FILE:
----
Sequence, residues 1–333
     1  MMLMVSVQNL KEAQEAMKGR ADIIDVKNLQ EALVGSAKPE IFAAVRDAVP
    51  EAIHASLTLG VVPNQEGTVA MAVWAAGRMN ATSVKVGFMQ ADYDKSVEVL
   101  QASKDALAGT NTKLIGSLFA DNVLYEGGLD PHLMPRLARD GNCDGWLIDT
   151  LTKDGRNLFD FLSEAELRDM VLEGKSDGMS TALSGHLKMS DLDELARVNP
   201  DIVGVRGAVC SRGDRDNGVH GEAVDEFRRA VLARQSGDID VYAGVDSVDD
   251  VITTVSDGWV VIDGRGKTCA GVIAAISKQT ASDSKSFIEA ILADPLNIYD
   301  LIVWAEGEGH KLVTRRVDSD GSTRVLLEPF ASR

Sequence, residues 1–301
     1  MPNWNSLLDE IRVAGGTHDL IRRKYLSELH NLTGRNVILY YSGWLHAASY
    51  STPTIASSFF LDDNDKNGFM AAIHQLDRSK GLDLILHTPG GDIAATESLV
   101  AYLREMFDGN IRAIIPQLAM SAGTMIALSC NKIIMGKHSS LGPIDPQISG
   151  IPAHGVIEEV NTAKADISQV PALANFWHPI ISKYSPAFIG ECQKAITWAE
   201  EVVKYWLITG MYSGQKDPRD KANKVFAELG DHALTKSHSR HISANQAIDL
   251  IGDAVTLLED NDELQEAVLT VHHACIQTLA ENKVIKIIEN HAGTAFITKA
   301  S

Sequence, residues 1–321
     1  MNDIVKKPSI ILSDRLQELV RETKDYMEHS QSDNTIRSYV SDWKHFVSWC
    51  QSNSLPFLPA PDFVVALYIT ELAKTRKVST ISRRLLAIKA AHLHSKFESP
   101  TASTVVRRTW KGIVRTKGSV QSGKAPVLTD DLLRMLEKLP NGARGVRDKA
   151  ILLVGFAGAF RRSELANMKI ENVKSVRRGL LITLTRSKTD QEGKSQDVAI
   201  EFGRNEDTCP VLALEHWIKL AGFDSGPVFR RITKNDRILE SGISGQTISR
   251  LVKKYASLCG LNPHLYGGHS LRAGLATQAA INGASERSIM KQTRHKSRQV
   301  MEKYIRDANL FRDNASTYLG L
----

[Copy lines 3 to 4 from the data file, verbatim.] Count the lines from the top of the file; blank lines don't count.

    51  EAIHASLTLG VVPNQEGTVA MAVWAAGRMN ATSVKVGFMQ ADYDKSVEVL
   101  QASKDALAGT NTKLIGSLFA DNVLYEGGLD PHLMPRLARD GNCDGWLIDT